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Nihal Taskiran

Nihal Taskiran

Adnan Menderes University Soke School of Health, Turkey

Title: Investigation of Nursing Students Opinions Related to Their Pharmacology Knowledge Levels

Biography

Nihal Taskiran first doctorated in 2014, department of Physiology at Afyon Kocatepe University Healthy Sciences Institute and now is an ongoing PhD student in Ege University of Turkey in Principles of nursing care. She worked a clinical nurse at the deparment of coronary intensive care at Afyon Kocatepe University Ahmet Necdet Sezer Practice and research hospital in 2006-2011. For four years, she is working as a Lecturer at Adnan Menderes University Soke School of Health.

Abstract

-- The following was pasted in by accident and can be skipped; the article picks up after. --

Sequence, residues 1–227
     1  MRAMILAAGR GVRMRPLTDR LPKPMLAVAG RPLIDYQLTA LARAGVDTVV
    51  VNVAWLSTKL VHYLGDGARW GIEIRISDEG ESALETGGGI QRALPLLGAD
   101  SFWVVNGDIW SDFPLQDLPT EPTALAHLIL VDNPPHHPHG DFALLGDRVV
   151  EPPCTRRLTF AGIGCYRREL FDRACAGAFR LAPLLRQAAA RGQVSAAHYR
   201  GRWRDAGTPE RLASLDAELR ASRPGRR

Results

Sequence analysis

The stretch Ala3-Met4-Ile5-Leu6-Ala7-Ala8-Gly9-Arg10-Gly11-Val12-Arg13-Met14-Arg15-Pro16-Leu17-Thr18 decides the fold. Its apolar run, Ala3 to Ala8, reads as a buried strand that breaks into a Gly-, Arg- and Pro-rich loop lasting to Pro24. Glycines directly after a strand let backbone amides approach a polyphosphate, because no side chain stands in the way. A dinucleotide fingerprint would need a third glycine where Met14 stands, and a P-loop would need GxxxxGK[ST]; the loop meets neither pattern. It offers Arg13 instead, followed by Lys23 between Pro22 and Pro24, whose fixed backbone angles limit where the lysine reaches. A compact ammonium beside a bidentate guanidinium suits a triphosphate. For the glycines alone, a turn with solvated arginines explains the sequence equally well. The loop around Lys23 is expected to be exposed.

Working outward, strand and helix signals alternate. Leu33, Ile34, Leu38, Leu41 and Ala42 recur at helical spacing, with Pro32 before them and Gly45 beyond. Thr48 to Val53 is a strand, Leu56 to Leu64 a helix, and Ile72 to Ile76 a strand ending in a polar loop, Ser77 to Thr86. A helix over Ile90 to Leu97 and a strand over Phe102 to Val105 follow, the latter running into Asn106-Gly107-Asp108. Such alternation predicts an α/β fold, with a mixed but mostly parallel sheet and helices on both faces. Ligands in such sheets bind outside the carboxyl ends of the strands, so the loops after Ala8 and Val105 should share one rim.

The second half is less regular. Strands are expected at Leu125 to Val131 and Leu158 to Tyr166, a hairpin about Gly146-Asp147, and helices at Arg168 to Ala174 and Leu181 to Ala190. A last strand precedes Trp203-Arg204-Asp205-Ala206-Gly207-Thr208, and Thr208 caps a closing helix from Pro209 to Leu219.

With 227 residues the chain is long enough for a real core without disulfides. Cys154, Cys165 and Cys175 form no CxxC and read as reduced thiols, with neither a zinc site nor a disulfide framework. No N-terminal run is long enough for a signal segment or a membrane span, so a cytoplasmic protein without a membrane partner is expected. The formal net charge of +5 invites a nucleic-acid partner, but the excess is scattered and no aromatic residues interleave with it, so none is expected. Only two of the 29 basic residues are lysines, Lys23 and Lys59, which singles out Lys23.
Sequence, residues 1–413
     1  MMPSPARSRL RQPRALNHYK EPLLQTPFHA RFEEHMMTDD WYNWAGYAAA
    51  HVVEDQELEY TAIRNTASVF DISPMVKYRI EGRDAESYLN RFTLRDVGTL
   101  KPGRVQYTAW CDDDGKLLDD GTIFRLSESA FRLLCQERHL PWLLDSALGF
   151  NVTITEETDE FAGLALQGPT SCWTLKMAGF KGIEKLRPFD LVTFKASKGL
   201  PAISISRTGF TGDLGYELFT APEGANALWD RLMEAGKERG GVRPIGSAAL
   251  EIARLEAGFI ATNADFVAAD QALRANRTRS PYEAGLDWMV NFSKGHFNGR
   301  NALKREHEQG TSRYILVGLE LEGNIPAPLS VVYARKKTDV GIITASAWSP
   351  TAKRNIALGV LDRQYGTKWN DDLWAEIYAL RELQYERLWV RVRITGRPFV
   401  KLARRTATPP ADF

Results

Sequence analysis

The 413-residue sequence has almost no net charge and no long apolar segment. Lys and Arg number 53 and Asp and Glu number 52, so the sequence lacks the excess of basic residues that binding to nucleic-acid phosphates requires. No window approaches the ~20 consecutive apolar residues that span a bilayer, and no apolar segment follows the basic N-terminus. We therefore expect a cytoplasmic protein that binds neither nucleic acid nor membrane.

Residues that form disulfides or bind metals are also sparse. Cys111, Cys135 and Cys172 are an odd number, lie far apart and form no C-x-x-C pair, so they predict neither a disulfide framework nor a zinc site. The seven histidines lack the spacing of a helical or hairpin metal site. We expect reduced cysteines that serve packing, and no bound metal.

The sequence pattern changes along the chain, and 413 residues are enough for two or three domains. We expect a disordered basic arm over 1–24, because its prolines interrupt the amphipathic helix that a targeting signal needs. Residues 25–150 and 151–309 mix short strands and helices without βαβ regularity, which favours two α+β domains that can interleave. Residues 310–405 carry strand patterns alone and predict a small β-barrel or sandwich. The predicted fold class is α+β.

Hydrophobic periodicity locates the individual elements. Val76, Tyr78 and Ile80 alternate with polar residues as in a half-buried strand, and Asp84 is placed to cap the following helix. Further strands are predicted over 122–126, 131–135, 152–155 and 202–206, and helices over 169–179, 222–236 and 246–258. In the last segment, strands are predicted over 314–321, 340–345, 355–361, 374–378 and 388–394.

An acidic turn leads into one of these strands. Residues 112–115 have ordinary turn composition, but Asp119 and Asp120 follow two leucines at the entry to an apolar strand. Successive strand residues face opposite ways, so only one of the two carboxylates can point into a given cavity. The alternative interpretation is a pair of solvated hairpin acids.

This descriptive study was conducted to investigate nursing students' opinions related to their pharmacology knowledge levels. The study was conducted in February 2015 and March 2015, at Ege University Faculty of Nursing and Celal Bayar University Faculty of Health Sciences both of which are located in the Aegean region of Turkey. The study sample consisted of 173 final-year students who agreed to participate in the study. To conduct the study, written/verbal permissions/consents were obtained from the scientific ethics committee, institutions where the study was conducted and the students participating in the study. To collect the data, a questionnaire including items questioning the students’ sociodemographic characteristics and their opinions regarding their pharmacology knowledge levels was used. The data were analyzed using the SPSS for Windows 21.0, numbers, percentage distribution and the Chi-square test. Upon the completion of the study, the students' mean age was determined as 22.87±1.61. Of the students, 83.8% were female. While 70.5% were not satisfied with the length of the pharmacology course, 67.1% were dissatisfied with content of the pharmacology course. On the other hand, 56.6% considered the length of the drug administration course insufficient whereas 54.9% had the opinion that the content of the drug administration course was inadequate. Of the students, 12.7% considered their knowledge about drugs and drug applications as enough, 67.1% considered partly enough and 20.2% considered inadequate. While the topic about which the highest proportion of the students (52.6%) perceived their knowledge level as satisfactory was the “ways of administering medicine”, the topic about which the lowest proportion of the students (13.9%) perceived their knowledge level as satisfactory was the “drug-drug interaction”. The analysis revealed no difference between the students in both schools in terms of considering their pharmacology knowledge levels as adequate (p>0.05).

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